A Long Journey to Ashesi
March 14, 2012, 4:41 pm
Filed under: 10th Anniversary

By John E. Gaustad. Professor of Astronomy (Emeritus), Swarthmore College

One of the suggestions for this series was to write about “What Brought Me to Ashesi?” If  the interrogative pronoun is changed from “What” to “Who”, my answer would be John F. Kennedy. Let me explain.

In 1961 I was a graduate student at Princeton University, training for an academic career of teaching and research in astronomy. One day a notice appeared on a university bulletin board inviting interested persons to come down to a certain office and fill out a questionnaire that would help the organizers of a new government agency, called the Peace Corps, ascertain what kinds of people might be interested. Several of us students, inspired by Kennedy’s speeches and the Peace Corps idea, decided we were “that kind of person”, and went to the address listed. Little did we know that what was advertised as a questionnaire would actually be interpreted as an application! A month later, some of us received a letter saying “Congratulations! You have been chosen for the first Peace Corps mission to Ghana.”

With more than a year to go before finishing my thesis research and obtaining a Ph.D., I  could not accept this invitation.  But my interest in teaching in Africa remained. I finished my degree, spent two years doing post-doctoral research,  and in 1964 I was hired as a Lecturer in Mathematics (my first actual teaching job) at University of Nigeria, Nsukka.  I spent three years there teaching Mathematics, Physics,  and General Science, as well as Astronomy. This was not with Peace Corps, but as a direct-hire, which turned out to be an advantage, for with the same salary and perks as a Nigerian lecturer, I felt I could speak my mind about policies and programs without being labeled a foreign interventionist.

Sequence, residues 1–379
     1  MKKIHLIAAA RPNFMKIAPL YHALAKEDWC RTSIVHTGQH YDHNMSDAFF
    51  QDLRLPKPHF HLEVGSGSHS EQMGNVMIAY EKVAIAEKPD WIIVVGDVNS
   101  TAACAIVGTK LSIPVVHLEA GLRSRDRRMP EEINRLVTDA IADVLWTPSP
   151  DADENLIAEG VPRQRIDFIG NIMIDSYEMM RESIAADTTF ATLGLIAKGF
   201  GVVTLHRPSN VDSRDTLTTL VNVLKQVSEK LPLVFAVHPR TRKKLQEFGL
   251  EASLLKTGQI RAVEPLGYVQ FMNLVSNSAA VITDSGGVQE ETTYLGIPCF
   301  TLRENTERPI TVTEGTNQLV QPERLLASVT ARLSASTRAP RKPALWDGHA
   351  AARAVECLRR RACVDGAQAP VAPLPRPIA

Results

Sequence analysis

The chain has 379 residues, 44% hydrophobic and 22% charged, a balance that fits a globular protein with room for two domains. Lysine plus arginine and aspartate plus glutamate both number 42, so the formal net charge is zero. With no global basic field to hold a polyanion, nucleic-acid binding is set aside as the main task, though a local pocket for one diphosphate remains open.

Living, working, and traveling in West Africa (I actually passed through Accra on one summer holiday in 1965) taught me many things, and widened my horizons. I learned (and I eventually admitted) that I was from a European culture, even though I was an American. I learned about the support of the African’s extended family – in some cases an entire village had contributed the funds to send one of their own to university. On the other hand, a university graduate had obligations to his family, and many a bright student, perfectly capable of graduate study abroad, went instead to earn money in the oil industry so that a younger relative might also have the chance to study. I learned about young Nigerians’ pride and sense of humor: “Sir”, a student asked in an astrophysics class one day, “you’ve been talking about this concept of ‘perfect black-body radiation’. Does that mean we are more perfect than you are?” Most of my memories of this time are happy ones, but some are sad, as I had to stand by and watch as political and ethnic conflict led up to civil war – my last three paychecks had stamped on them “University of Biafra” in place of “University of Nigeria”.